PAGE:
Activism, Critique

Now published – The Business School is Racist: Act Up!

Dear friends, comrades, and colleagues,

We write this message in the midst of a state of emergency that has galvanized anti-racist organizing led by Black communities in the United States and internationally, in parallel with a multi-regional politics of survival led by Indigenous, Muslim and Dalit communities across all continents. 

In this wretched yet dynamic state, we share with you a piece of writing that we started almost a year ago. We could not have foretold the acute context in which our polemic would appear when published, but it is clear to us that it is as relevant today as it was last year and will be for future crises to come.

In our collective essay, The Business School is Racist: Act Up!, we outline the contours of institutional whiteness and racism as it configures in our places of work and learning. Although we speak from, and remain rooted in our local national contexts, our critique also aims to foreground the global nature of racialised oppression. We use the platform we have in this piece to call our fellow scholars of colour to recognise the ways Business Schools are not only structured by white supremacy, but actively de-value the knowledge and experiences of people of colour (PoC)*.

Alongside this recognition, we centre the need for collective action led by scholars of colour to build intergenerational support systems to dismantle racialised power structures and destabilise racist knowledge production as they appear locally and transnationally. We honour and build upon the tradition of Black, Indigenous and PoC scholarship that has laid the foundation for such critique. White scholars are invited to listen and learn from this call.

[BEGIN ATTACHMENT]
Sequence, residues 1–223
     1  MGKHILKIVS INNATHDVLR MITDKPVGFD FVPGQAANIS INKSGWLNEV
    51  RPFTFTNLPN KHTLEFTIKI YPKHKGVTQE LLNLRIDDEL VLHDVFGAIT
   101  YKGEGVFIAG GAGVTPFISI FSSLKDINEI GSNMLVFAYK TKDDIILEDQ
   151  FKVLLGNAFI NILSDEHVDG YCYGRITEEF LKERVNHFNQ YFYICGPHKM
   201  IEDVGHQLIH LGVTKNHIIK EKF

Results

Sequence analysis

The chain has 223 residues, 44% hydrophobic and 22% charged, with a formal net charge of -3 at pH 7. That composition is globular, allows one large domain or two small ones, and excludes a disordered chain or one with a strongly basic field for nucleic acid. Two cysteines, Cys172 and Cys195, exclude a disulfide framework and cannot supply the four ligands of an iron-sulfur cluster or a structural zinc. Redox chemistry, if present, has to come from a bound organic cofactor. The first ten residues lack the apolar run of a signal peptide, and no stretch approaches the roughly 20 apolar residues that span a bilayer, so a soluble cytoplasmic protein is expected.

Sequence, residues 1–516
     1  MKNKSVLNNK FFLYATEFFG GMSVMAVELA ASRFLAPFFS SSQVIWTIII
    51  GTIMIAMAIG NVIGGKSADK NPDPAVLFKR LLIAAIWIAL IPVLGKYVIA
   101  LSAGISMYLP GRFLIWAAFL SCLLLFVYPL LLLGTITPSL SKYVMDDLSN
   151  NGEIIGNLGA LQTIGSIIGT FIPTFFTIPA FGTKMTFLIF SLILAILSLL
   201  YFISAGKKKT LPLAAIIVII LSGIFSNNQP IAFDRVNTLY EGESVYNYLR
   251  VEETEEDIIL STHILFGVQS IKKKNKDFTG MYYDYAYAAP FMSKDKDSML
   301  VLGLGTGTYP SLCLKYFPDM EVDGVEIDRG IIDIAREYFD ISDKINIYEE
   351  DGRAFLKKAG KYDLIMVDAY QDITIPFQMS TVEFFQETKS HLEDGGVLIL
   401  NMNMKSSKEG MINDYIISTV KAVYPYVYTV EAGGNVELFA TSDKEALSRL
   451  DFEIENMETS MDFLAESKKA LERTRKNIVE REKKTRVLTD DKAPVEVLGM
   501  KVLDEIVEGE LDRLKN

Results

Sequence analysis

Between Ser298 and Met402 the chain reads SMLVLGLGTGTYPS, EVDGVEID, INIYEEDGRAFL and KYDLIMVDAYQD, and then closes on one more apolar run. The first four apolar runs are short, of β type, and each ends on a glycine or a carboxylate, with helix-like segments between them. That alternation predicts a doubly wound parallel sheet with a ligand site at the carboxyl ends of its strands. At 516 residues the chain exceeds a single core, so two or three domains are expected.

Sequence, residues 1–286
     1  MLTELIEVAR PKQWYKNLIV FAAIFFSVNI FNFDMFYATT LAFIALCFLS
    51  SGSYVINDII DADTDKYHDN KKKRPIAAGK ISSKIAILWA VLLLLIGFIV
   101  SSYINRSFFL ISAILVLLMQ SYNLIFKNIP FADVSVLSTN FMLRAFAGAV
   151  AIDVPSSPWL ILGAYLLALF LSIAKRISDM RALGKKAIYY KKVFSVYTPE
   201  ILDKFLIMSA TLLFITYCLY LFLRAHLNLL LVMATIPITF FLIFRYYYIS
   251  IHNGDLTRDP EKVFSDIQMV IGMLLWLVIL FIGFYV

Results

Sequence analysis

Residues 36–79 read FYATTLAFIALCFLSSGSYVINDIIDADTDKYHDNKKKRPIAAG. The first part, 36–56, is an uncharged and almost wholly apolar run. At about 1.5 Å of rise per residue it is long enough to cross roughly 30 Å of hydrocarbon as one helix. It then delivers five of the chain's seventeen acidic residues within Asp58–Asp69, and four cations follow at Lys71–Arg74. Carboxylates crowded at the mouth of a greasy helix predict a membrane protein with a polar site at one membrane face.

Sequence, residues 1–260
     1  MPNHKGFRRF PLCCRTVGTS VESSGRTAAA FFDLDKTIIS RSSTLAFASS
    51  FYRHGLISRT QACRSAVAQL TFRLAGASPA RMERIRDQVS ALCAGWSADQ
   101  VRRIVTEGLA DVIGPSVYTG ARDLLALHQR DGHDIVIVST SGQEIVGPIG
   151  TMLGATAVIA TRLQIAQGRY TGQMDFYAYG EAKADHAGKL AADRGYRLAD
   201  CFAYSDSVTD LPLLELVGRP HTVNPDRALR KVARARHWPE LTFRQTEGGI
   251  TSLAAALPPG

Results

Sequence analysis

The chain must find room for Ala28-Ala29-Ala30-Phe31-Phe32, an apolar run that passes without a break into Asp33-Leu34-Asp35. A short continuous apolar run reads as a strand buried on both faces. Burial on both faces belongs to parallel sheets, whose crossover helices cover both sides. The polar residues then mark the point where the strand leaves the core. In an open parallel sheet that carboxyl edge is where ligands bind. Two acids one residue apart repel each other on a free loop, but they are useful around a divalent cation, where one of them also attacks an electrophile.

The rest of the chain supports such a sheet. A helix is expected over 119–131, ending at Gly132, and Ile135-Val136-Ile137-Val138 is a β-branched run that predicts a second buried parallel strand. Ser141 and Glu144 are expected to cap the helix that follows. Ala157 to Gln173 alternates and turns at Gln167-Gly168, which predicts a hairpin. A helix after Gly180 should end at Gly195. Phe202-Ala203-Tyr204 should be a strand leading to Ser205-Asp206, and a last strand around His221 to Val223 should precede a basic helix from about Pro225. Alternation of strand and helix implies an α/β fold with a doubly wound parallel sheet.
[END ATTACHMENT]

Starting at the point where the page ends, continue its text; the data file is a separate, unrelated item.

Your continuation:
The practice of writing collectively has been structured by our experiences and knowledge of BARC organising. And so, it is with gratitude to you and your contribution to our collective work that we invite you to read the piece.

You can access the essay online here.

If you do not have institutional access to this essay, then please let us know and we can share the final version of the paper with you via email.

In solidarity,

The BARC collective

* We note that the phrase “people of colour” / “scholars of colour” is a contested term; we use it here in a solidaristic way to include Black, Indigenous and people of colour, recognising that the acronym BIPOC commonly used in the US is entering usage but is still poorly understood in the U.K. context, and that the Black Asian and Minority Ethnic (BAME) term typically used in the U.K. is unhelpful for creating alliances.

Workshops

Register now: Organising for Liberation Weekender, 15-16 June 2019 #org4lib #barcworkshop

15-16 June 2019 – REGISTER HERE

9.30am-5pm, Saturday 15 June – Sunday 16 June 2019
Carnegie Hall, Leeds Beckett University, Headlingley Campus

Co-hosted by BARC and Prof Shirley Anne Tate of the Centre for Race, Education and Decoloniality, Carnegie School of Education, Leeds Beckett University.

Decolonising work within higher education has been gaining profile and momentum in both national and international universities.